M (by making more investments), and thereby shorten θ.
But how short is very short, where adjustment of G is eventually needed?
To prevent the blockchain from accidental forks as described in [6], θ should
have the minimum limit. Let it be θmin . G should be adjusted well before θ
reaches θmin . So we will adjust G when a certain threshold θ′ is reached where
θ′ > θmin .

4.2. Target Re-adjustments for Positive Shock


We propose that θ′ shall be the half of the reference θ (10 minutes in the
case of Bitcoin), where G must get halved. At the same time, we double V to
maintain the same pace of the supply of coins.
To make this happen, the system needs to refer to real time, which had been
considered difficult for blockchains where timestamps in blocks can be untrue.
But now, we have the concept of MTP (Mean Time Past; the median time of
the 11 blocks in the past) as a standard measure for the purpose. We check the
average interval between blocks using MTP, every after 100 blocks, for example.
In the case of Bitcoin, because the reference θ is 10 minutes, 100 blocks takes
about 17 hours. When θ is halved, it can be detected within a half day or so.

5. Measures against Negative Demand Shock

5.1. Two-fold Propositions


We propose the measures to mitigate the effects of negative demand shock
in two fold:
1. No adjustment to target G unless the maximal tolerable average interval
θmax is reached.
2. Continuous removal of coins in circulation so that less total supply of coins
can be achieved, not only new supply.
For the former, we propose the following adjustment rule for G: when 20% of
M is observed to have left (θ is observed to be 45 times longer than the reference
value), make G 54 times larger. At the same time, make V 80% of the reward
at the time to maintain the same pace of supply of coins. This adjustment will
likely to occur within a couple of days after a negative demand shock. We think
that this asymmetry in the rules against positive and negative demand shocks
is necessary because time measured with block creations is prolonged as θ gets
prolonged.

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For the latter above, we must invent something new, because blockchain
currency protocols usually include the currency supply rule, but does not have
a currency absorption or write-off rule.

5.2. Negative Interests


In our past work[3], we have suggested an implicit inflation target. But in
this paper, we propose an implementation of negative interests, and no halving
rule for V .
Let us consider coinage eras, where each era is, for example, consecutive
2016 blocks. Hereafter in this section, time is measured by the coinage eras.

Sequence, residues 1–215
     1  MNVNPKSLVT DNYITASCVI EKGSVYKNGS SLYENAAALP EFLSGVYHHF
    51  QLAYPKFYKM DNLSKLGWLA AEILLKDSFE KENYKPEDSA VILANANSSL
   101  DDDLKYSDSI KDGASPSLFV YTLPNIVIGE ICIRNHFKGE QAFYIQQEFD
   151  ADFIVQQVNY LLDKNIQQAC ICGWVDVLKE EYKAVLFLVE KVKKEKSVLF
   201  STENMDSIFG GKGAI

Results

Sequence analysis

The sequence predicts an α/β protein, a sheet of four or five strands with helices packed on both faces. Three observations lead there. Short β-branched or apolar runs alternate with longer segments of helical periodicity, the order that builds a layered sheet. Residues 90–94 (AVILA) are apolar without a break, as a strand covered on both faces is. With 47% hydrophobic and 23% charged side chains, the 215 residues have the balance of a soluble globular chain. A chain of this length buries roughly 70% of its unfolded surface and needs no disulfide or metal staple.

Let Zt be the amount of produced coins at time t (if t is the current coinage
era, Zt denotes the amount of produced coins in the era so far).
We define a depreciation rule so that effective values of coins are depreciated
as time elapses. This depreciation can be like 1% of the original value as of
production of the coin, after every coinage era elapses. Let the amount of
depreciation of coins produced at time t evaluated at time T to be Dt (T ).
The total supply of coins in circulation S(T ) at time T is, then

X
T
S(T ) = (Zt − Dt (T ))
t=0

which is expected to remain constant except during positive or negative demand


shocks. Dt (T ) can be a function like below, in the case of 1% depreciation of
the original at every coinage era.

Dt (T ) = min(Zt , Zt × 0.01(T − t))

5.3. Implementation for UTXO Structure


Figure 4 shows how depreciation is implemented on a UTXO structure. In
the figure, transaction 1 happened in coinage era E, transaction 2 happened in
some coinage era between E ′ and E ′′ , and transaction 3 is happening in coinage
era E ′′ .
Because coins produced in different eras have different depreciation levels,
they need to be treated separately in a transaction. In transaction 3 in the
figure, unlike the original design of Bitcoin transactions, inputs referring to
the coin values originated from era E and era E ′ are connected separately to
different outputs to give total of value 30 to user B. Because coins originated
at greater than or equal to 100 eras before do not exist with the 1%-per-era
depreciation rule (they are evaluated as value 0, so they cannot be referred to),
at-most 100 kinds of these inputs-outputs connections are expressed in a single
transaction.
A series of inputs-outputs connections originated in an era forms a coinage
era graph that takes a form of directed acyclic graph. In the figure, there are
two of such graphs, one originated in era E and another originated in era E ′ .